Orange 26 roosts and preens at Rich Inlet, where Orange Green also spends time.
Oreo on the Docks
Oreo roosting on a dock behind Masonboro Island.
A flock of oystercatchers performing an aerial piping display as part of a territorial display our courtship.
Arnie and his mate performing a piping display.
Oreo's chick CJX preens its new adult feathers while both parents look on.
CFX in a Squabble
CFX on the left, in a territorial dispute with a neighbor oystercatcher.
A melee ensues whenever food is brought to the chicks.
Oreo feeds one chick as another rushes in to snatch the food.
Competition is fierce among siblings: a bigger, older chick chases a smaller one away to ensure more food for itself.
Oreo receives a chick bump.
Oreo Shades a Chick
Oreo spreads her wing and offers one of her chicks shade. This is called “brooding” and helps the chicks stay warm or cool, as needed.
Oreo Attacks a Ghost Crab
Oreo attacks a ghost crab.
Oreo Disposing of the Eggshell
Oreo disposing of the eggshell of a recently hatched chick.
Oreo and her mate reaffirming their territory and pair bonding.
When not feeding or tending to eggs or chicks, oystercatchers are often to be found roosting, which is a term used to describe the time shorebirds spend resting and digesting. Since oysters and other shellfish are mostly exposed at low tide, high tide is prime time for roosting.
Keeping an Eye Out
A bigger roosting flock means more eyes to the skies to watch for predators like Peregrine Falcons. The oystercatcher on the right is looking up to do just that.
Oystercatchers are not picky about who they roost with. They are often to be found in mixed species groups, like these oystercatchers who are napping among several different species, including Short-billed Dowitchers.
When roosting, oystercatchers and other shorebirds like to stand on one leg. This helps preserve heat when it’s cold. Another way birds stay warm is to limit the amount of blood that flows to their legs, keeping most of their blood in the core of their bodies where it won’t get chilled.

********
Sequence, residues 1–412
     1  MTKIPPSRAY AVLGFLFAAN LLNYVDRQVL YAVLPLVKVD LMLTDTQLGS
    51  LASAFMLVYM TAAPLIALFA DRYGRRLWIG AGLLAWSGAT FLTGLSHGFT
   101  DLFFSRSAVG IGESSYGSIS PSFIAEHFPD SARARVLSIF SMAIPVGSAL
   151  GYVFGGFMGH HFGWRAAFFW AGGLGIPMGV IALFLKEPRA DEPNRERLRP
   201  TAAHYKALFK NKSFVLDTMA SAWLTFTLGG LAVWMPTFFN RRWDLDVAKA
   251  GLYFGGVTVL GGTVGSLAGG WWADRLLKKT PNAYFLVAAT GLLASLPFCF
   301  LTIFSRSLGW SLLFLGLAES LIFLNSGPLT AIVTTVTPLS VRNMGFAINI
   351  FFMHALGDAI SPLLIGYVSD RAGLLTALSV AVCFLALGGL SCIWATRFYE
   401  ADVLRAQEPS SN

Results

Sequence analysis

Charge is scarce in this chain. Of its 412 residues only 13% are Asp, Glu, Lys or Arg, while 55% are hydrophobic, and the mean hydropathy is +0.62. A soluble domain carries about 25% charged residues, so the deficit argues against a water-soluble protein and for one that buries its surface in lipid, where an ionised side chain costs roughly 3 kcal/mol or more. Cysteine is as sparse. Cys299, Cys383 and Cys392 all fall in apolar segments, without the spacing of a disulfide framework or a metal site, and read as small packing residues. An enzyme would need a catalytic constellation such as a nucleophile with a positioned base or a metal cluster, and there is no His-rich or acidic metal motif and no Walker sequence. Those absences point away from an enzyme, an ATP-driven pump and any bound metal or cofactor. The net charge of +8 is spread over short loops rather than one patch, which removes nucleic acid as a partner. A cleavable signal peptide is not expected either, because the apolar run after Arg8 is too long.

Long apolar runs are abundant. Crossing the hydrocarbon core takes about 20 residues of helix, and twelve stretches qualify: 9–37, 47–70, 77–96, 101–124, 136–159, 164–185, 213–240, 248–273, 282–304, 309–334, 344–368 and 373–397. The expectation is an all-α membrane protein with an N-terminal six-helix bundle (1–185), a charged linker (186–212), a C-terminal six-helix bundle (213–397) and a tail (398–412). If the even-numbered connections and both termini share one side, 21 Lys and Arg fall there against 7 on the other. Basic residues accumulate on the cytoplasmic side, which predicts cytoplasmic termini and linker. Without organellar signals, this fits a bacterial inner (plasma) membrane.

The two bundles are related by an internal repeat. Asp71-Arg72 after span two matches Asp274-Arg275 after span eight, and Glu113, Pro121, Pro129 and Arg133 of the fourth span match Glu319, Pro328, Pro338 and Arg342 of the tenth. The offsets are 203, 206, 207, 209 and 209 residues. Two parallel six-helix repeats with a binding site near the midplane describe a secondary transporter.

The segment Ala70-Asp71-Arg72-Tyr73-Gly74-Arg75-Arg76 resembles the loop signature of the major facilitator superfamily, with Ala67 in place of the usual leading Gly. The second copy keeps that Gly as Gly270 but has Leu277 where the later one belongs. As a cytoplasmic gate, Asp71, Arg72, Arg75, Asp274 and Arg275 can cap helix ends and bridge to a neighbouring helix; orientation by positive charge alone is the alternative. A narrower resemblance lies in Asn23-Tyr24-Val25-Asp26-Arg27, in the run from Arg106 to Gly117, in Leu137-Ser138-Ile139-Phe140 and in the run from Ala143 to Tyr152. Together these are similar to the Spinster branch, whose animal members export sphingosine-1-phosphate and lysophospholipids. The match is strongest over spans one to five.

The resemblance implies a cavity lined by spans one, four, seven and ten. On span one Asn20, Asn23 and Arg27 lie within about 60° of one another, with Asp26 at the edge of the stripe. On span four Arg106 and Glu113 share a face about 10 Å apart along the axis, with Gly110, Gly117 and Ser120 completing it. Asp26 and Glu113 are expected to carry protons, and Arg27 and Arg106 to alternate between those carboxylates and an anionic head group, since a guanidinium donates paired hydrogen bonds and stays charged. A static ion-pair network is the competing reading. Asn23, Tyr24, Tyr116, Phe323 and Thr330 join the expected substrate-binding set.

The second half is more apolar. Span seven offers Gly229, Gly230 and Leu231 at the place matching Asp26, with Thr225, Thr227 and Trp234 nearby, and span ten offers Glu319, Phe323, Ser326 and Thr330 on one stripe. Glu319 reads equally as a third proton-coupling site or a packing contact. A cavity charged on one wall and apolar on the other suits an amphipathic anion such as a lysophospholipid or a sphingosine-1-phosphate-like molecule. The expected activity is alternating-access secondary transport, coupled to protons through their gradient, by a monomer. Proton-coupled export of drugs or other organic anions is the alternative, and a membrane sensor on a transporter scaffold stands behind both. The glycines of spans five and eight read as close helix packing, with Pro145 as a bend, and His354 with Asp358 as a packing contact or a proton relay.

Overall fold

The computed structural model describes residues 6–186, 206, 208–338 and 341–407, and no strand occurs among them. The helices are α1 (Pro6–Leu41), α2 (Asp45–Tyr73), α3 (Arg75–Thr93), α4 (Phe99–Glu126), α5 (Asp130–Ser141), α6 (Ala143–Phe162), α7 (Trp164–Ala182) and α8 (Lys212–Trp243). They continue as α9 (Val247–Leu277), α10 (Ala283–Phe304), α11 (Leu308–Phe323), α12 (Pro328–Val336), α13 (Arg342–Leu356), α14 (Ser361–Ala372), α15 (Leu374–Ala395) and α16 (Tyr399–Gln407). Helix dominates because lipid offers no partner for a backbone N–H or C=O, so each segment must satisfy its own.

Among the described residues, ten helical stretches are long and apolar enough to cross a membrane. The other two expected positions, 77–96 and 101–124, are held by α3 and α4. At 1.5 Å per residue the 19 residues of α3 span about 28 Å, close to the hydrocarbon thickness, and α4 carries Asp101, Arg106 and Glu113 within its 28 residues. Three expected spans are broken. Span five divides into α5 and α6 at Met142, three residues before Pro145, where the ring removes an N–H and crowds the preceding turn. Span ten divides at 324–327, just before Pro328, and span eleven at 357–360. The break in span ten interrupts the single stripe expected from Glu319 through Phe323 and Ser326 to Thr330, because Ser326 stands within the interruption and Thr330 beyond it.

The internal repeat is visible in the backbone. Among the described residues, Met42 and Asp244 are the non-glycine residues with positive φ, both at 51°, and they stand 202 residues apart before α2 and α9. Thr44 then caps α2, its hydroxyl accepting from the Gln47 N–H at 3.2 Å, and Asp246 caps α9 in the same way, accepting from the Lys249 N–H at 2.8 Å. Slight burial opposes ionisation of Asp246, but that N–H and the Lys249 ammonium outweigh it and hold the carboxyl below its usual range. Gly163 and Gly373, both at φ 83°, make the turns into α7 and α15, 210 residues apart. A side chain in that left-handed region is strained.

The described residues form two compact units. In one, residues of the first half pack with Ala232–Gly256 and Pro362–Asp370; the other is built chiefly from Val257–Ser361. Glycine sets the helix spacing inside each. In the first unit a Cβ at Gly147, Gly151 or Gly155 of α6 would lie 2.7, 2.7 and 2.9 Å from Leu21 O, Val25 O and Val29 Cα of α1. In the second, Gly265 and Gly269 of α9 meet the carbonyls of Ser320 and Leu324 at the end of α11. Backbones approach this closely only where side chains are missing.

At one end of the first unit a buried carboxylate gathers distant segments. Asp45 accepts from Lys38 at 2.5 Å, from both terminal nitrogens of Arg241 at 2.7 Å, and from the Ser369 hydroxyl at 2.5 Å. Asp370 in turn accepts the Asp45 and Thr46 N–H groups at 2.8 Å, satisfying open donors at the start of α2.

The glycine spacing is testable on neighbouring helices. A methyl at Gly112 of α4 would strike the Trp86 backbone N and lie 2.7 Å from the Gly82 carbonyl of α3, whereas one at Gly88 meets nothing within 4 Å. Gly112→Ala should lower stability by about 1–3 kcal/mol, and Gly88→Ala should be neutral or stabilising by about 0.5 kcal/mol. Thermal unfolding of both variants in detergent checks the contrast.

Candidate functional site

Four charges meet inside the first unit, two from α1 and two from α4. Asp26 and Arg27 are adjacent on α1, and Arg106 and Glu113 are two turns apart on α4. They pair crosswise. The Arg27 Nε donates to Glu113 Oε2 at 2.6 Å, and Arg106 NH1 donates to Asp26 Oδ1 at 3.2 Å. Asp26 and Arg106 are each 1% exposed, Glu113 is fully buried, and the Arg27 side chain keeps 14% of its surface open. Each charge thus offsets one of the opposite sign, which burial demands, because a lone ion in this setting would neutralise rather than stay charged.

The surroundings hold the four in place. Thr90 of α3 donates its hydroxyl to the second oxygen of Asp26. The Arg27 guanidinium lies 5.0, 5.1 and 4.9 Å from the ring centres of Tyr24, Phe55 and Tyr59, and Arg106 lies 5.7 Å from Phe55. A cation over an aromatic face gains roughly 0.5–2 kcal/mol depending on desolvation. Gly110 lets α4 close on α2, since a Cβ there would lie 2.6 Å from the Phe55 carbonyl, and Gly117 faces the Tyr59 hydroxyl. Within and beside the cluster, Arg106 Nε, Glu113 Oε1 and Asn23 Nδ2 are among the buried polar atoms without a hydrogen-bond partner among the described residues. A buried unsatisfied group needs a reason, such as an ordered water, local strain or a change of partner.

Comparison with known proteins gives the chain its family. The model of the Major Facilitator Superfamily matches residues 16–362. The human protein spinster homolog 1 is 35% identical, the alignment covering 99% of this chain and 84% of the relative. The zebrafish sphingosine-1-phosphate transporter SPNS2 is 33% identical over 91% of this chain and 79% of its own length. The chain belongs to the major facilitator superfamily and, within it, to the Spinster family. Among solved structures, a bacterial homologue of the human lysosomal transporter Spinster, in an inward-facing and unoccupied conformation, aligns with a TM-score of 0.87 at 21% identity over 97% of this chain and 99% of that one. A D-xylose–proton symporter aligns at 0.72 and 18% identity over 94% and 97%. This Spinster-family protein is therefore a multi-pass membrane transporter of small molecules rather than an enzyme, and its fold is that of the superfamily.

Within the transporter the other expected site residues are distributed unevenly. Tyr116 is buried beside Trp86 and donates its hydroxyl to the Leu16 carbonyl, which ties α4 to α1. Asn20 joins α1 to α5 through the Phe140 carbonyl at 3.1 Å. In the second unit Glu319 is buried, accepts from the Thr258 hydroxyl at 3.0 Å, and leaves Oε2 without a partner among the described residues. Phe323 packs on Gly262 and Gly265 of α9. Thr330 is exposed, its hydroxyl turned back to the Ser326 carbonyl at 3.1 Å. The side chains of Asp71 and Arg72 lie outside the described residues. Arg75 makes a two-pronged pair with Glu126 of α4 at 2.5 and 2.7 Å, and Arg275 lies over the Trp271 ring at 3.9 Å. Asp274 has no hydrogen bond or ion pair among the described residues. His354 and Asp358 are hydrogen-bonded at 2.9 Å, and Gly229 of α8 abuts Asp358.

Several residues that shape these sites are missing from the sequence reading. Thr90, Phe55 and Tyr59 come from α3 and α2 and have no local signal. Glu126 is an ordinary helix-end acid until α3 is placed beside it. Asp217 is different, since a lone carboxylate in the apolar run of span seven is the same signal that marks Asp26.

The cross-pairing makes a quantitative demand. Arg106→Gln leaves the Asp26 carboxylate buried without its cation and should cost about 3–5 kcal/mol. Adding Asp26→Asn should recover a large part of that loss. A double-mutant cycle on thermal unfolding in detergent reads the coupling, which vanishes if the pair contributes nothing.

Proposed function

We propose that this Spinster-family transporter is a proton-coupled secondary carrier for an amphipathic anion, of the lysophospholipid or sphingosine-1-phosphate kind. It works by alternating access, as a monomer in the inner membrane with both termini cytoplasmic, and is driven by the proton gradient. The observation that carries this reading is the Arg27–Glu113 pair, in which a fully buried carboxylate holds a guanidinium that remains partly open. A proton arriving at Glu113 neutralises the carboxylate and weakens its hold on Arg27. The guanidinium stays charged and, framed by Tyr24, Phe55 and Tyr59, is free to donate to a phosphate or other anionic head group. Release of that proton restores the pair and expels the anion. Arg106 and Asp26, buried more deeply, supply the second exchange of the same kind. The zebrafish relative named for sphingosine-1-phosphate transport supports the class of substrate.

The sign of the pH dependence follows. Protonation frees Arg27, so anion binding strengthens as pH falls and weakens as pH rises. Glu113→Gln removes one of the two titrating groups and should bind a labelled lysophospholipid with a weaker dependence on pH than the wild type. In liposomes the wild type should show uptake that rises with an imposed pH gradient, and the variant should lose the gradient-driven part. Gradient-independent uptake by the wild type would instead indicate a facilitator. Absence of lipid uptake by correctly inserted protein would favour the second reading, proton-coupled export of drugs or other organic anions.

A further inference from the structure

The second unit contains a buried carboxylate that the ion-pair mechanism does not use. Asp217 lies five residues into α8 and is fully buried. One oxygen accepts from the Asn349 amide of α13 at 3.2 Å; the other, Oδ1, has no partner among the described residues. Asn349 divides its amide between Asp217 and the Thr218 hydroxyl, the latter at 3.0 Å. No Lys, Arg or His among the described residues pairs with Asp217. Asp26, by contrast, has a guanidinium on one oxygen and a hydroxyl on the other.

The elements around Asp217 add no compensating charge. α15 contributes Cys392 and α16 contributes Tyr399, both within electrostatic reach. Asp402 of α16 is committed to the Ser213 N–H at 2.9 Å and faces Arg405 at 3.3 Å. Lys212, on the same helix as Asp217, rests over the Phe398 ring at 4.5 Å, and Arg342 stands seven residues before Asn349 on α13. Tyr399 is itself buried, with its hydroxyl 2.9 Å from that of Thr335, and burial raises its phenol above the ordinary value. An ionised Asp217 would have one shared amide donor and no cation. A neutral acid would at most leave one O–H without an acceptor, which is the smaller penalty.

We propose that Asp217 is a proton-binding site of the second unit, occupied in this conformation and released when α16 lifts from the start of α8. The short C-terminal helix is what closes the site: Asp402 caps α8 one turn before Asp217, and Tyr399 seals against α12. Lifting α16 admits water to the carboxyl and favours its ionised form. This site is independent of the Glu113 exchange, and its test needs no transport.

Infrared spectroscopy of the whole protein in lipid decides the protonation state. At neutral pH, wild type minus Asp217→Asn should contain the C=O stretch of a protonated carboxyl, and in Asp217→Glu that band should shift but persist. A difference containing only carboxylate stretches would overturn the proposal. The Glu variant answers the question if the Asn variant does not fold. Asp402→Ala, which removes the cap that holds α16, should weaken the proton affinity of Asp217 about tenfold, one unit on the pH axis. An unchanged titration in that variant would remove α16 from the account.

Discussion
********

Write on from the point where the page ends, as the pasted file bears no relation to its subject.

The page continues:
While roosting, oystercatchers take the opportunity to maintain their feathers. This is called preening. They apply oil from a small gland above their tail to waterproof them and meticulously put each one back in its proper place.
Preening also removes parasites, but when that fails, a good scratch will do the trick as well.
Birds stretch just for stretching’s sake, but also when they feel nervous and think they might have to take off soon. If a bird raises and lowers its wings as you approach, back away to avoid flushing it. It might be tired and need to rest, especially if it’s on migration!
One of the strangest behaviors oystercatchers exhibit is false brooding. When an intruder is near its nest, the adult may sit down elsewhere as though it’s tending to eggs. This is in the hopes of luring the intruder away from the real nest.
Oystercatchers perform a striking piping display when courting, establishing territory, and strengthening their pair bond. It can be performed while walking or running in tandem, or when flying together.
Oystercatchers communicate with their mates and chicks through piping alarm calls. The mate will fly into help defend the territory and chicks will run away and hide when they hear it.
Fending off Predators
Oystercatchers do not care for predators in their territories. They will fly at and chase egg and chick predators such as gulls and crows.
This oystercatcher decided it didn’t want this Turkey Vulture in its territory, and it and its mate mobbed the bigger bird until it flew away.
With young chicks at stake, Arnie and his mate are not tolerant of gulls in their territory. They will prey on small chicks, and oystercatchers seem to know this and do their best to keep them at a distance.
Audubon North Carolina
NC State University
Copyright 2013-2015 Audubon North Carolina. All rights reserved.